gentlemen? time to stand up & be counted



I took the DART into Dublin City recently. Been a while since I have. On the BUS home I took this picture and thought it would be a great poster to be put on all DART trains.

Reared with 4 sisters [& 3 brothers] I don’t wish to suggest a ‘National Peter Day’ of celebration but I feel compelled to say something.

I must have been one of very [very] few to stand and let a lady sit [age irrelevant] on a morning journey. The coach was full. One girl fainted a few seats down and still ended sat [slightly squashed] beside two ‘gentlemen’ who hunched hesitantly a little tighter on their seat whilst other people sat and read their newspaper. Two ladies did assist with water and such – agus bualadh bos – I applaud you.

More carriages – for sure. But it does not change the manner[ism]s of some who push and shove impolitely through their life. Is chivalry a characteristic of Irish history? Do we not perform random act of kindness at all? Or should we still blame Iarnród Éireann.

Maybe I just love going to work [incorrect by definition possibly hobby?!] and I’m slightly disillusioned believing it’s always great to see a smile….?

5 replies
  1. C
    C says:

    While the transport systems and planners (moreso!) are heavily to blame, and we could be ages deciding who to lay blame on, you’re definately right on focusing on the mentality of passenger too.
    Perhaps the chaotic, sardine tin-esque journey has totally affected some passengers mindset, and gives a ‘every man/woman/child for him/herself’ mentality. Everyone seems to be in their own little iWorlds, with headphones cutting off sounds, and mobile phones and mini video players making it handy to never even make eye contact with anyone, let alone utter any words to a stranger, even if they seem in need.

    There was a case a couple of years ago where a man died on the New York subway, but it was found that he had actually died 6 hours previous of a heart attack before being ‘discovered’ by a subway employee. I wonder if those who sat near his then lifeless body even looked at him… coming to a Dart near you perhaps?

  2. peter donegan MI Hort
    peter donegan MI Hort says:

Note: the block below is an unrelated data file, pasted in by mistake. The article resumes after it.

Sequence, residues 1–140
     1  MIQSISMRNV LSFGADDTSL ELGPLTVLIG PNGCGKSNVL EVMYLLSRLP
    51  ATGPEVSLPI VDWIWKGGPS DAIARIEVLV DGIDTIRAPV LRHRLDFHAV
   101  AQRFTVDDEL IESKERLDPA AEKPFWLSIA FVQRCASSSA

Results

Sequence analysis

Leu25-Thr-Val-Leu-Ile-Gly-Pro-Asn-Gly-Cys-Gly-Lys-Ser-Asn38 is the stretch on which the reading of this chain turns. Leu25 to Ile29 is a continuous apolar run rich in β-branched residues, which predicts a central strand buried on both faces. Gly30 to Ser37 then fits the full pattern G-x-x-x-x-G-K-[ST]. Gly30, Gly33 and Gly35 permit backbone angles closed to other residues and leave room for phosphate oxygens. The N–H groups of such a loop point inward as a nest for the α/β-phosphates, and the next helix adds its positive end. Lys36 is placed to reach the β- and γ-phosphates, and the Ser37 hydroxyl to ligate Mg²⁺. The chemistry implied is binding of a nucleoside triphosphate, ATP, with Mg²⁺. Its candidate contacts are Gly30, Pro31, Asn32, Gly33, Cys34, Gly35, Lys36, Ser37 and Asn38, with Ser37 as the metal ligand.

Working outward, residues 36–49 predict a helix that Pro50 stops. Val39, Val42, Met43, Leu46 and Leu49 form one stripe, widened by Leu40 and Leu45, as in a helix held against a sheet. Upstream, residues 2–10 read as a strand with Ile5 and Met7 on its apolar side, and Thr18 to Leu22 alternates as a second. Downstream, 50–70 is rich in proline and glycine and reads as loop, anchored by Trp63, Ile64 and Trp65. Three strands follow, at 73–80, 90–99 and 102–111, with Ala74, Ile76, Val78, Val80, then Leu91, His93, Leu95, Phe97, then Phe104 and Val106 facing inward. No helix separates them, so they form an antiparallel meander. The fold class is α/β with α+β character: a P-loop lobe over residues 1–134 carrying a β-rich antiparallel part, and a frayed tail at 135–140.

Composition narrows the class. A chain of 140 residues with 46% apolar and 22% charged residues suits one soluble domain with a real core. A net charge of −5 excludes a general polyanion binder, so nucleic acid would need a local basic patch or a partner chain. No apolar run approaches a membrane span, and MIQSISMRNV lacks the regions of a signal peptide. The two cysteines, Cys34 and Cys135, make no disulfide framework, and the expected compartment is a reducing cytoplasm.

A Chara ‘C’

    talking at lunch time one comment was there was a time when your mother would ‘clip’ your ears if you didn’t offer up your seat. This however is not children! it maybe those caught up in their little ‘i worlds’ that cram their way onto a train, before people get off etc. When compared with, unusually possibly, Londons underground it’s amazing to see that whilst Englands capital & its people out-number us here in dublin by about 17 times, the commuters stand back and let passengers off. The minimum requirement to be mannerly.

    The fact that I can contrast is because I haven’t been on the DART in so long. Quite unfortunate that this is for some considered a way of life. Don’t misunderstand – I WORK EXTREMELY HARD AT WHAT I [and my team] DO, the same as everyone else – but, I know I enjoy life, I smile every morning and whilst life always has its ups and downs [?!!], I’m still still considerate of the people around me – the whole point of this piece.

    Ireland shouldn’t need signs requesting ‘this’ seat be offered up to an elderly [or any for that matter]person who does or doesn’t need it!

    Happy Tuesday! and lets hope next week is even happier!!!
    slán agus beannacht

  3. C
    C says:

    You’re damn right Peter. Many people just don’t understand the dynamics of letting people off before they scrum onto a train/bus/luas. I’ve seen near fights break out in such cases as people push heavily by, knocking people in a tough manner with no regard for their fellow passengers whatsoever.

    Maybe more people will ‘give up’ seats for lent!


    Happy pancake day!


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